Senate Democrat Joe Lieberman Threatens to Block Health Bill

Monday Democratic senior Senate Democrats took efforts to get President Barack Obama's health care overhaul on track for passage by Christmas as they faces opposition from a frequent irritant -- Joe Lieberman.

As the Senate opened a make-or-break week for healthcare, Lieberman's threat to join Republicans in blocking the bill complicated Democratic efforts to gather the 60 votes needed to overcome Republican opposition.

Democrats have no margin for error -- they control exactly 60 of the 100 votes and cannot afford to lose Lieberman, an independent who caucuses with Democrats, or any other member on a bill that is Obama's top domestic priority.

Many other Senate Democrats, including potential defector Ben Nelson, are waiting for cost estimates on a potential compromise before making their final decisions.

"If Senator Lieberman is the 60th vote, I guess we will have to do what Mister Lieberman wants," Democratic Senator Tom Harkin told reporters, Reuters reports.

it was also reported, Lieberman strongly rebutted charges that he flip-flopped to oppose the expansion of Medicare as part of health care legislation.

"Contrary to the claims of anonymous aides, Senator Lieberman told (Majority Leader Harry) Reid on Friday that he had problems with the Medicare provision," said Marshall Wittman, a spokesman for the Connecticut Independent.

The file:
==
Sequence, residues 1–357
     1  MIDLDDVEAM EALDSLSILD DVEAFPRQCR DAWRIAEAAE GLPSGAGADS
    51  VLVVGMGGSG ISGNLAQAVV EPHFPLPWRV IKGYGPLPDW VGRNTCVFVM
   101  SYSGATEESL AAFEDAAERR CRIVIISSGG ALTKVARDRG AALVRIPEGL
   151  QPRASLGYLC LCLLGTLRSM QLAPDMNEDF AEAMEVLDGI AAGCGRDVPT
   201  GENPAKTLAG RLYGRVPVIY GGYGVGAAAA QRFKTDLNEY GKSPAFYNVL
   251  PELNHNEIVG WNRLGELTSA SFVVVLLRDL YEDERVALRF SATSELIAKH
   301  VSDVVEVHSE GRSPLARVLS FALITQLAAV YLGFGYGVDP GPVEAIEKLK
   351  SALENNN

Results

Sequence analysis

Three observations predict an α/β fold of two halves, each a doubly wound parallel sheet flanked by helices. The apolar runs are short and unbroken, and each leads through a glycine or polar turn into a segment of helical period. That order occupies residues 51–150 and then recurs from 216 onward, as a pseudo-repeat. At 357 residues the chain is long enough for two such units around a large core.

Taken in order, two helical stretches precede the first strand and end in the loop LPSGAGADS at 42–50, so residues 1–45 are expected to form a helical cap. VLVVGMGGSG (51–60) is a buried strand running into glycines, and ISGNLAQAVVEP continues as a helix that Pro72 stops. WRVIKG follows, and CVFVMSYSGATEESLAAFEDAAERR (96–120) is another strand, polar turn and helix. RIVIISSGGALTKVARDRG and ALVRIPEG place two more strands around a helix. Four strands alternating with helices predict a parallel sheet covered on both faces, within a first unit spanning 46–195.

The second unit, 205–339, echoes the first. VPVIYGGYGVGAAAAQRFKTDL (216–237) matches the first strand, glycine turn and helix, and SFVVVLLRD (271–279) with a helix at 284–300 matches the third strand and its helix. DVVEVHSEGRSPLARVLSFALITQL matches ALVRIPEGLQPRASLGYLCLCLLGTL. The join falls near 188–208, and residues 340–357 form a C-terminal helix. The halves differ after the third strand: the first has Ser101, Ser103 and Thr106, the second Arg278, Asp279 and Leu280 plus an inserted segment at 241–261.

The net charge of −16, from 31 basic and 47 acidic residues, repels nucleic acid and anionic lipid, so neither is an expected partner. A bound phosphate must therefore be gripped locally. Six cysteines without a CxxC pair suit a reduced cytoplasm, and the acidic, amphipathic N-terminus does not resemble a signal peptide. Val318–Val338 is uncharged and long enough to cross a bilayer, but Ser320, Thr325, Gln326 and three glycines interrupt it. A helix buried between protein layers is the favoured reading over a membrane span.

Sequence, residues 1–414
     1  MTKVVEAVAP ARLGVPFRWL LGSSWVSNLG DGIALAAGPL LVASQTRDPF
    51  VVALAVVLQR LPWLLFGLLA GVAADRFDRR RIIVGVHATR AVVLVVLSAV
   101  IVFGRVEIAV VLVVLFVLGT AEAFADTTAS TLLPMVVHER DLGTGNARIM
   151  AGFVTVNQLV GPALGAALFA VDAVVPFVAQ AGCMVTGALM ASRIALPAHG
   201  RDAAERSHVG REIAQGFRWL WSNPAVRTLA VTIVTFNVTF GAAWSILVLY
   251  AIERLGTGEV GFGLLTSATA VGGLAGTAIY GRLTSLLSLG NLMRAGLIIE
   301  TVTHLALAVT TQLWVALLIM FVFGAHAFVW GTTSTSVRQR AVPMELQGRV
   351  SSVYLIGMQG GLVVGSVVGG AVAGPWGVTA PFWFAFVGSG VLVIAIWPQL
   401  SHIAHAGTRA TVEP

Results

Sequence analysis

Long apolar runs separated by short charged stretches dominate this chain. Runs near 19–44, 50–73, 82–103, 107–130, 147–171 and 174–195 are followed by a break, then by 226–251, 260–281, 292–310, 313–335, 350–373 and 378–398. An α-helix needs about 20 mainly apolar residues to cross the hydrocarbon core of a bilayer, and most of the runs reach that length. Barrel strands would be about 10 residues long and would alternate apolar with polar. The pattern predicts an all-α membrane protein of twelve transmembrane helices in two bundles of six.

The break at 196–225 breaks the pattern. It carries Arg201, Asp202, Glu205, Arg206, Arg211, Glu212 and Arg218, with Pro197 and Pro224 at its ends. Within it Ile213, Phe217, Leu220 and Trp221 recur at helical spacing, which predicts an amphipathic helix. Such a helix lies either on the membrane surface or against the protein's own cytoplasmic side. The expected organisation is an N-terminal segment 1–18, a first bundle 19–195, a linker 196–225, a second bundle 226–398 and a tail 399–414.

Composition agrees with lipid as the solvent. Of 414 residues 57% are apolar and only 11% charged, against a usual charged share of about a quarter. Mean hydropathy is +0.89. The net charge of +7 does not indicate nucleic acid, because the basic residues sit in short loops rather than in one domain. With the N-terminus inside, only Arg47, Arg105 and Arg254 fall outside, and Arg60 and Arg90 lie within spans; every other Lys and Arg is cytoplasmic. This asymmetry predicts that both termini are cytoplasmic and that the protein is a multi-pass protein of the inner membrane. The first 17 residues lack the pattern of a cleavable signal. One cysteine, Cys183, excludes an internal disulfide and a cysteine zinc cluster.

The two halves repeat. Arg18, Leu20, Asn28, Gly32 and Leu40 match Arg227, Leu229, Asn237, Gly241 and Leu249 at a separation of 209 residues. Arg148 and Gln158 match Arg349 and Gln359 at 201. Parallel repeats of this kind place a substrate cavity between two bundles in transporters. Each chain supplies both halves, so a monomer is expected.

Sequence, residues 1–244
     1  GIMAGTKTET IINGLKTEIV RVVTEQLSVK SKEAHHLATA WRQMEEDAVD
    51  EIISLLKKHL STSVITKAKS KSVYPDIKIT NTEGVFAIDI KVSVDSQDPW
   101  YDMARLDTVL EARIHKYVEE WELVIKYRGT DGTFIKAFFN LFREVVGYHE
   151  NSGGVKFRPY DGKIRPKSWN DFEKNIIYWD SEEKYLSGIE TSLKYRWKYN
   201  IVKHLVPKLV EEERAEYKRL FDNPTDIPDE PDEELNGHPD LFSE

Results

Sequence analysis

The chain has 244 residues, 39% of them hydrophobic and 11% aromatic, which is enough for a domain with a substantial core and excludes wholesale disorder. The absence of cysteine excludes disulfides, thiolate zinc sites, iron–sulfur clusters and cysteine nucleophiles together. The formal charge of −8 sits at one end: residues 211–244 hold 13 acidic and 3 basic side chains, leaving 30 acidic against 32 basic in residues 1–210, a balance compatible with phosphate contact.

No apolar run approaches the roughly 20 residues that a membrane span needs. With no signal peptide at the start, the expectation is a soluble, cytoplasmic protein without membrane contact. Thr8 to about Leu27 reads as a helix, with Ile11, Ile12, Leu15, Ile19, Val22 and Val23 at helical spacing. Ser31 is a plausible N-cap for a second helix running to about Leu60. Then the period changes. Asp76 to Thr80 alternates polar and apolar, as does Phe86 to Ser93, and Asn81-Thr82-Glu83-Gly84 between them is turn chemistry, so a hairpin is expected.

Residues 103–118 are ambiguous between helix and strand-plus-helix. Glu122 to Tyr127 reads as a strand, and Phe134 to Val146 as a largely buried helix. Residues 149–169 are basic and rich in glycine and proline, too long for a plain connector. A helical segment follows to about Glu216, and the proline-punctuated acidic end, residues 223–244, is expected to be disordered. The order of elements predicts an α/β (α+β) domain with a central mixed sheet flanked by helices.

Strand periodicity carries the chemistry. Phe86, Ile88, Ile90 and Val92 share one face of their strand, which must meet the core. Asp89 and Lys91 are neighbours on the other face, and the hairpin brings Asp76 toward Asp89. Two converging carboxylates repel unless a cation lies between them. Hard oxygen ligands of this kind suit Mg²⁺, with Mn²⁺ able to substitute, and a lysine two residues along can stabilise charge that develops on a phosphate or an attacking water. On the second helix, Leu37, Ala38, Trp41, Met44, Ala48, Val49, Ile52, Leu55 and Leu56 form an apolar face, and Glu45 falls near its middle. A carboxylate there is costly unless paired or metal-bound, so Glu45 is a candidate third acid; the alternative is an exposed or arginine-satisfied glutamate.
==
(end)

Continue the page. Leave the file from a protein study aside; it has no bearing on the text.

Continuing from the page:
"This position was also told to negotiators earlier in the week. Consequently, Senator Lieberman's position came as no surprise to the Democratic leadership. Any contrary charge by aides who cowardly seek to hide under the cloak of anonymity is false and self-serving," he added.

Wittman made his comments one day after Senate Democratic aides, speaking anonymously, said Lieberman had initially indicated support for a proposal allowing uninsured individuals as young as 55 to purchase Medicare coverage, The Associated Press reports.

News agencies also report, most Democrats support the public option as a nonprofit competitor to private insurers which would expand coverage and bring down prices. Republicans and some moderate Democrats, along with the health insurance industry, oppose the public option, saying it would be a first step toward a government takeover of the entire health care system.

If Democrats can get 59 of their 60 caucus members to support the bill -- for example, by changing the abortion language to secure Nelson's vote -- they can focus on gaining the vote of moderate Republican Sen. Olympia Snowe of Maine, who has signaled an openness to compromise but rejects the public option and questions the Medicare expansion.

If the Senate eventually passes a health care bill, its version will have to be merged by a conference committee with the House version passed last month. The final bill would then need approval from both chambers before going to Obama to be signed into law.

The president and Democratic leaders have said they want the bill completed this year. The Senate would need to finish its work this week to leave a realistic chance of meeting that schedule, CNN reports.

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